Rotten infrastructure, no water, no furniture, and above all, high economic barriers for children from poor social backgrounds: The conclusions of a diagnostic study, published by the National Council for the Evaluation of Social Development Policy (Coneval) this week, put into question Mexico’s universal right to education, and will present a formidable challenge for the new President López Obrador.
In theory, free education for all is a right firmly established in Mexico’s constitution. Yet more than a million children, or about 13% of children in school age, do not attend classes because they cannot afford it. Of those between 15 and 17, more than a third of children are affected, the report finds.
The biggest criticism is severe underfunding by the State. In 2016, only 6,8% of national GDP was spent on public and private education, and public spending only reached a mere 5,1% of GDP. According to the report, this is far below current recommendations of international organizations.
The funding gap is directly visible when contemplating the dire state that many school buildings are in: According to the report, 20% of students enrolled in basic education are facing a lack of basic infrastructure in their schools, and a sixth cannot count with basic furniture in their classrooms.
To make matters worse, many school buildings have been affected or destroyed by last year’s earthquake. Investigate journalists from NPR’s Radio Ambulante have recently questioned government claims that 100% of students are back in the classroom, pointing at several irregularities that they see as evidence that classes are still disrupted. According to the Coneval report, almost a third of schools are today located in a building that is not fit for educational purposes.
Teaching staff is equally affected by the lack of funds. Teacher-to-student ratios, often seen as a good indicator for teaching quality, are worse than OECD average in Mexico – and class sizes in primary school have actually increased by 17% since 2005, warns the OECD report.
One might be surprised to see that according to the official data, the starting salary for an upper secondary teacher is around USD 49 300 – one of the highest among OECD countries, just after Germany, Luxembourg and Switzerland. However, statutory salaries for teachers with the most prevalent qualifications are lower than on average across OECD countries at all levels of education. Furthermore, it is worth taking a closer look at the reality of salary distribution: The first-ever education census revealed tens of thousands of salaries were affected by ample corruption, including payments made to dead, retired or ‘ghost’ teachers that never showed up in a classroom.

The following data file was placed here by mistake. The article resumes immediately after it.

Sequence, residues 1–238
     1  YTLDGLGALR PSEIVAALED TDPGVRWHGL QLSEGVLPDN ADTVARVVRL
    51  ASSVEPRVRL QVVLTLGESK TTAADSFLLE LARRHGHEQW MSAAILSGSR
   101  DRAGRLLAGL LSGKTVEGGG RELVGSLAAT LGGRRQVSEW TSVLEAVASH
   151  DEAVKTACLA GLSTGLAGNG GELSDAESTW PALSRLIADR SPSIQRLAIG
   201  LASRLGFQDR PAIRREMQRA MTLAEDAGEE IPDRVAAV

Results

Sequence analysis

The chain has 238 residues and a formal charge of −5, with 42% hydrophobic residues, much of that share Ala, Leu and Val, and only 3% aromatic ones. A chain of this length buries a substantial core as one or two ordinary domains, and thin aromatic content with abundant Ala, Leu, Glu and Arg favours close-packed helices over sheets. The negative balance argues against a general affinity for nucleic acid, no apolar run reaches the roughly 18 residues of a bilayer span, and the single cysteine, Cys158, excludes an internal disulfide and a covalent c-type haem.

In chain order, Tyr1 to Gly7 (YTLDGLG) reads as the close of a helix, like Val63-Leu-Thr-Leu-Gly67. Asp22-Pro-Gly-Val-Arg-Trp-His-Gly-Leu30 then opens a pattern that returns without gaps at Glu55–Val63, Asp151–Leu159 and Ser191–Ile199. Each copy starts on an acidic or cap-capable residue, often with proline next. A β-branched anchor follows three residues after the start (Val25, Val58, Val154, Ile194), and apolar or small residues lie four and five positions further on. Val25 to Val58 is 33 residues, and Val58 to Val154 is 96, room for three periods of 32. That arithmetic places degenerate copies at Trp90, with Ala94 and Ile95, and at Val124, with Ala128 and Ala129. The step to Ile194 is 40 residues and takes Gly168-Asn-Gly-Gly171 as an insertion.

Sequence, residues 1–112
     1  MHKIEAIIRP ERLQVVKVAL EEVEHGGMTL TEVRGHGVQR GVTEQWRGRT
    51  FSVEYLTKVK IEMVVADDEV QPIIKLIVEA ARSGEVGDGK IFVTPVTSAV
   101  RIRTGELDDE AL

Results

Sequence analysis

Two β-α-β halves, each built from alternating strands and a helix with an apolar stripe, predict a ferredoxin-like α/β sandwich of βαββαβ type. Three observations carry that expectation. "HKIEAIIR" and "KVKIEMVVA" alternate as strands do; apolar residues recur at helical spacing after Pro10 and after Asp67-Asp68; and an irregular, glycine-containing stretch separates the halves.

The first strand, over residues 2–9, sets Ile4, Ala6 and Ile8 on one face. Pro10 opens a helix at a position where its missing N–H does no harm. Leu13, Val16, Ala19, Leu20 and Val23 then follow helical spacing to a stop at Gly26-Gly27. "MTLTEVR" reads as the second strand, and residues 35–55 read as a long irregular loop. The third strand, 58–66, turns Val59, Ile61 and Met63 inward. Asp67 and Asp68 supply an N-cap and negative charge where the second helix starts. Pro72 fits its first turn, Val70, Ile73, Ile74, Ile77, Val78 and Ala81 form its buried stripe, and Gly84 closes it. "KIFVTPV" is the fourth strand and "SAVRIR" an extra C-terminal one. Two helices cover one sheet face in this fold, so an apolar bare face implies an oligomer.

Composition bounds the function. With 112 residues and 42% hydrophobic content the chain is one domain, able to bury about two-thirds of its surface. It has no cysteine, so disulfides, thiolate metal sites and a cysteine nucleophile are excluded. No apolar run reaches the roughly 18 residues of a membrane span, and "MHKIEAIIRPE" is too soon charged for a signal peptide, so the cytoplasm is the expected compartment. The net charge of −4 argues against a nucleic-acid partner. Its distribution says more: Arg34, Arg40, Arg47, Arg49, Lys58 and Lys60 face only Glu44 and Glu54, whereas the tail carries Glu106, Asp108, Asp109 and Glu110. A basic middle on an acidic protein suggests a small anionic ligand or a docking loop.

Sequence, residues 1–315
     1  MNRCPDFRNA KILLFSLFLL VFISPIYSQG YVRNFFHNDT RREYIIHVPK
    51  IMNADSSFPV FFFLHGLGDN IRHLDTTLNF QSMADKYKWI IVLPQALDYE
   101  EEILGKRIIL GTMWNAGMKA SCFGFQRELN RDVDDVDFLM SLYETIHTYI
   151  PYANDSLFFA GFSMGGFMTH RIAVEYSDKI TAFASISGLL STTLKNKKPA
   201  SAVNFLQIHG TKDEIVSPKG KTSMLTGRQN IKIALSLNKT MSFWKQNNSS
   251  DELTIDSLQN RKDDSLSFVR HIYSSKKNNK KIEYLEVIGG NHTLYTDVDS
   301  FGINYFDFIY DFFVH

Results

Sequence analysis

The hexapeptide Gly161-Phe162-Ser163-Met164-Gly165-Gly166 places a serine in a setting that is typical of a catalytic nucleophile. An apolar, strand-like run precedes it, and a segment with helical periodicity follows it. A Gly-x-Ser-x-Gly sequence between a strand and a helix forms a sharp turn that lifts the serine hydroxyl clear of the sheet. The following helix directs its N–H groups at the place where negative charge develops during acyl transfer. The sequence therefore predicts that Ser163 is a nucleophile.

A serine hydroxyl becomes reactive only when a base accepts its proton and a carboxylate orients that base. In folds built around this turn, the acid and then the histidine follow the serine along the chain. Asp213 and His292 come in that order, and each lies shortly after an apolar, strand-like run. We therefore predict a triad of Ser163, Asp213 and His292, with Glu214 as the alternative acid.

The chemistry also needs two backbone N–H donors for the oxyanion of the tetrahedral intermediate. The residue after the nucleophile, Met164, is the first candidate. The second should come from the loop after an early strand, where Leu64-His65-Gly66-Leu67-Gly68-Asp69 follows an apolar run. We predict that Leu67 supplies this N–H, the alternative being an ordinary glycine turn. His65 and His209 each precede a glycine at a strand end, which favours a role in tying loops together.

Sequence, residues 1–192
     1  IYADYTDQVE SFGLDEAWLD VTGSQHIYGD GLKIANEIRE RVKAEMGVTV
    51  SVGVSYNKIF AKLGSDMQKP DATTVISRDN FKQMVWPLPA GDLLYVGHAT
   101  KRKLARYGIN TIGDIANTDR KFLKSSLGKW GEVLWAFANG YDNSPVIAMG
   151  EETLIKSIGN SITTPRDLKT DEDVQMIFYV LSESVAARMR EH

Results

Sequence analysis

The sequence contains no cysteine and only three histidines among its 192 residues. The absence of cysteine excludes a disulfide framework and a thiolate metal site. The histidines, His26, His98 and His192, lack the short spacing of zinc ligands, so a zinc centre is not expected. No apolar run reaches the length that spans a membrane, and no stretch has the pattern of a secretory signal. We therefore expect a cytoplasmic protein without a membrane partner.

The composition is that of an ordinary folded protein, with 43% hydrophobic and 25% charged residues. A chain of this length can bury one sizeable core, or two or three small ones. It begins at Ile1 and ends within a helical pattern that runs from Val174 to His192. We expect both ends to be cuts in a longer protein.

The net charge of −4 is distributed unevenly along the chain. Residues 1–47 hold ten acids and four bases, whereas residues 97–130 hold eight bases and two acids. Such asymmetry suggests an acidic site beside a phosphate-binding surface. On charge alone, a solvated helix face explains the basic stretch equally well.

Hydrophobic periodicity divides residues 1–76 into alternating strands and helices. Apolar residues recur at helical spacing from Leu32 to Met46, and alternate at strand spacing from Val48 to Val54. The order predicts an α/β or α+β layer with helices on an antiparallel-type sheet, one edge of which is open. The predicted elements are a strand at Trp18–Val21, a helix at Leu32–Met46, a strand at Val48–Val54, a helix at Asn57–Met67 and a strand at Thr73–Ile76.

While Ex-President Enrique Peña Nieto had launched an ambitious reform program to improve quality of education, his flagship program has been termed a failure in Mexican and international media. For many Mexicans, the education system is a catastrophe, no matter whether you live above or below the poverty line:
“No matter how rich or poor you are in Mexico, your education is bad or very bad. Jobs are given based on connections not merit, so quality doesn’t matter,” says Alexandra Zapata, an education specialist from the think-tank Mexican Institute for Competitiveness (Imco) in a recent interview.
However, the latest reports disagree and argue that the inequality that students below the poverty line face in their school life will affect the rest of their life, too. “The low educational attainment of the population brings high levels of inequality to the labour market“, warns the 2018 Medico country note on the attainment of education indicators, published by the OECD. With the exception of attending primary school, all other indicators of access to and effectiveness of education in the Coneval report show that students from low economic status are lagging behind. Economic and learning gaps are reinforcing each other: “The Mexican education system tends to at least reproduce, if not deepen, inequalities of origin, since it does not allocate the best resources (in terms of infrastructure, teaching staff or materials) to the schools of the most disadvantaged population”, the report reads.
In addition to income, other their ethnic background may put children at risk to not attain the high educational levels. More than a million of schoolchildren speak one of Mexico’s over 68 indigenous languages as their first language, and Spanish is often not spoken at all in their families. However, teachers are often not trained or placed to accommodate indigenous students: According to news reports, only 60% of the teachers who speak an indigenous language work in classrooms where students speak the same one. Furthermore, there are still allegations that schoolchildren who speak Mixteco, Nahuatl or other native languages face severe discriminations up to physical castigation by teachers.
Few days after the new President AMLO has officially entered the office, the urgent tasks on his desks are starting to pile up: “Although the third constitutional article establishes that every person has the right to education, the evidence presented shows that education access, permanence, trajectory and practice are strongly linked to access barriers faced by people depending on their low economic background, indigenous status, disability, maternity, or place of residence”, the report concludes in its grim assessment. Mexico’s school system could be the key to lifting people out of poverty – if education manages to get on top of AMLO’s political agenda.